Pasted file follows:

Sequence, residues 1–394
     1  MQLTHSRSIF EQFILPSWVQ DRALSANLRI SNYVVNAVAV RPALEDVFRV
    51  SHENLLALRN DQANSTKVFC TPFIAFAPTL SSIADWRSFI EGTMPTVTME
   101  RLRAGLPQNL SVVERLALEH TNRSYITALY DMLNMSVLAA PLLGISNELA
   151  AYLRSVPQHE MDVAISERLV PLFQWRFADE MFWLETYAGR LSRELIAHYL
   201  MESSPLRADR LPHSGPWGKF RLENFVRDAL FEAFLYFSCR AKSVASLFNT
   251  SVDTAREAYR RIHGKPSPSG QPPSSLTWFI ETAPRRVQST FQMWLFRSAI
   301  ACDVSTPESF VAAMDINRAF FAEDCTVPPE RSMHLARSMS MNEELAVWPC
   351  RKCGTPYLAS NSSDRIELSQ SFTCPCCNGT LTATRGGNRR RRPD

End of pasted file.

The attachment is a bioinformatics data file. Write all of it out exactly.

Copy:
Sequence, residues 1–394
     1  MQLTHSRSIF EQFILPSWVQ DRALSANLRI SNYVVNAVAV RPALEDVFRV
    51  SHENLLALRN DQANSTKVFC TPFIAFAPTL SSIADWRSFI EGTMPTVTME
   101  RLRAGLPQNL SVVERLALEH TNRSYITALY DMLNMSVLAA PLLGISNELA
   151  AYLRSVPQHE MDVAISERLV PLFQWRFADE MFWLETYAGR LSRELIAHYL
   201  MESSPLRADR LPHSGPWGKF RLENFVRDAL FEAFLYFSCR AKSVASLFNT
   251  SVDTAREAYR RIHGKPSPSG QPPSSLTWFI ETAPRRVQST FQMWLFRSAI
   301  ACDVSTPESF VAAMDINRAF FAEDCTVPPE RSMHLARSMS MNEELAVWPC
   351  RKCGTPYLAS NSSDRIELSQ SFTCPCCNGT LTATRGGNRR RRPD